# Naming Slices

The built-in slice function creates a slice object tha can be used anywhere a slice is allowed. There are three arguments to to fill in, start, end, and step. The object returns the values at the indices specified in the arguments. If you only provide one argument, by default, slice will interpret it as the end. items = [0, 1, 2, 3, 4, 5, 6] section = slice(2, 4, 1) initial = slice(4) items[section] ## [2, 3] items[initial] ## [0, 1, 2, 3] More on slices can be found here. …

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# Applications of Linear Functions

import matplotlib.pyplot as plt In this post, we’ll look at some textbook applications of linear functions. Although these are contrived problems taken from a book, they shed some light on how to think about using linear functions to solve real business problems. Highway tolls Since heavier vehicles are responsible for more of the wear and tear on highways, drivers should pay tolls in direct proportion to the weight of their vehicles. …

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# Slope and Linear Functions

The graph of $$y = c$$, or $f(x) = c$ a horizontal line is the graph of a function. We call such a function a constant function. A constant function is one whose output value is the same for every input value. The graph of $$x = a$$ is a vertical line, and $$x = a$$ is not a function. import matplotlib.pyplot as plt def constant(x): return 4 y_values = [constant(x) for x in range(1,10)] plt. …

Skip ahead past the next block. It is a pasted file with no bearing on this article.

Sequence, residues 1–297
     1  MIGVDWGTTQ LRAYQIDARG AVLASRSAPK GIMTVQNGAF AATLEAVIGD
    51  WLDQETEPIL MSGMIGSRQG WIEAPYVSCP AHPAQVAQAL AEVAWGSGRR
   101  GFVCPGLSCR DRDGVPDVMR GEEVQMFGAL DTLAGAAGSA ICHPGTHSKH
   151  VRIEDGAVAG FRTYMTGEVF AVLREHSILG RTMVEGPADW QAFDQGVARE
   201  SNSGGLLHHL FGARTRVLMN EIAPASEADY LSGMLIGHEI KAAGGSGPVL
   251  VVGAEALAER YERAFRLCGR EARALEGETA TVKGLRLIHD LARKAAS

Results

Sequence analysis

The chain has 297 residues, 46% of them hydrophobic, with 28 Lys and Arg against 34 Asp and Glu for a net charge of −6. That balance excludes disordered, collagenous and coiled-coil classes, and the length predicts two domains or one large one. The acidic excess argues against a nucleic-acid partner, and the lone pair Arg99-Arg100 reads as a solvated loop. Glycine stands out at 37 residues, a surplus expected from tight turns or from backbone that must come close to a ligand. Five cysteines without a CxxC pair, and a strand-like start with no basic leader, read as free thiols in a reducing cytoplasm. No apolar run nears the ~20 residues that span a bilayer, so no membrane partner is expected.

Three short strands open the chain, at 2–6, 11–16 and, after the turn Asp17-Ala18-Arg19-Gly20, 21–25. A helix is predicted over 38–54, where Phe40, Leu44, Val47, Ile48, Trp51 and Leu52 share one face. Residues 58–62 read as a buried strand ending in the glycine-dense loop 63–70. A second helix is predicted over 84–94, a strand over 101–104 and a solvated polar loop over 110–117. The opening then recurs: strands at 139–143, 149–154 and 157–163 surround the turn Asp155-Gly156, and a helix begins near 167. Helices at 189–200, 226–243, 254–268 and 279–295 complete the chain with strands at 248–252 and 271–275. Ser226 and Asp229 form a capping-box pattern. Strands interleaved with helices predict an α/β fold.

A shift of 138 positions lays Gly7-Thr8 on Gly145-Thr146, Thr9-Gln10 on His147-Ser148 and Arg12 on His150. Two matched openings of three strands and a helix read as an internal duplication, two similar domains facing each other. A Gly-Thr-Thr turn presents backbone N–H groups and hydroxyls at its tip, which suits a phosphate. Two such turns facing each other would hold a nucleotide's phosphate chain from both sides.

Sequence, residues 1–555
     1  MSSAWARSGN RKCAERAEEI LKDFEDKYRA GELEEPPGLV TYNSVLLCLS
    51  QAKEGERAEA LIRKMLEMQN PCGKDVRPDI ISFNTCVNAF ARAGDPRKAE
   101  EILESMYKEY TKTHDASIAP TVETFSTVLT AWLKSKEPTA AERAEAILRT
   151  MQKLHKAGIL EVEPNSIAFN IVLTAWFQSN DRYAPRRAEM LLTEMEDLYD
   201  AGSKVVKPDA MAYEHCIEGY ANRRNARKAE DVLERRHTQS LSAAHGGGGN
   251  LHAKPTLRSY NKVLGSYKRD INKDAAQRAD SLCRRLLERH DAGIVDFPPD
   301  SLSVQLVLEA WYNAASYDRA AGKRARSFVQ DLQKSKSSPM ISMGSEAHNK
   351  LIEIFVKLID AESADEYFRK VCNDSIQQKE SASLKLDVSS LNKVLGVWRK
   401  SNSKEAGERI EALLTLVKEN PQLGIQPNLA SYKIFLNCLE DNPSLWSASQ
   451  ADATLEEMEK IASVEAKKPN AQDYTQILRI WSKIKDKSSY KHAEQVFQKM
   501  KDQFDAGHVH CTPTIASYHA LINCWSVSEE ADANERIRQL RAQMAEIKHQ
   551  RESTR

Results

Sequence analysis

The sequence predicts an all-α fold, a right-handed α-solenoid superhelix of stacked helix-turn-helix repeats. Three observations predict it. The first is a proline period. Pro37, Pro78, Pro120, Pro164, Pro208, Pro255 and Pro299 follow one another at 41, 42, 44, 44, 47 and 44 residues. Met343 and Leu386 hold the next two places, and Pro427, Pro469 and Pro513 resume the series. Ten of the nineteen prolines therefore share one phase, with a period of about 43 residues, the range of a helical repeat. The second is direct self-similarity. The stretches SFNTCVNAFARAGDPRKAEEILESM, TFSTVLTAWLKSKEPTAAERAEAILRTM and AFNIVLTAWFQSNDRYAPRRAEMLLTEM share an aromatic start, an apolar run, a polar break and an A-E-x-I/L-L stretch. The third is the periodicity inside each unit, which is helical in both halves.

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# Calculating with Dictionaries in Python

To perform useful calculations on the contents of a dictionary, it is often useful to invert the keys and values of the dictionary using zip(), which creates an iterable tuple of a dictionary’s keys and values. prices = { "ACME": 45.23, "AAPL": 612.78, "IBM": 205.55, "HPQ": 37.20 } prices ## {'ACME': 45.23, 'AAPL': 612.78, 'IBM': 205.55, 'HPQ': 37.2} zipped = zip(prices.values(), prices.keys()) for v, k in zipped: print(v, k) ## 45. …

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# Finding Commonalities in Dictionaries in Python

A Python dictionary is a mapping between a set of keys and values. The keys() method supports common set operations such as unions, intersections, and differences. Same goes for the items() method. However, that’s not the case with the values() method since the values of a dictionary are not guaranteed to be unique. Based on these notions, we can compare dictionaries and see what they have in common with basic set operations. …

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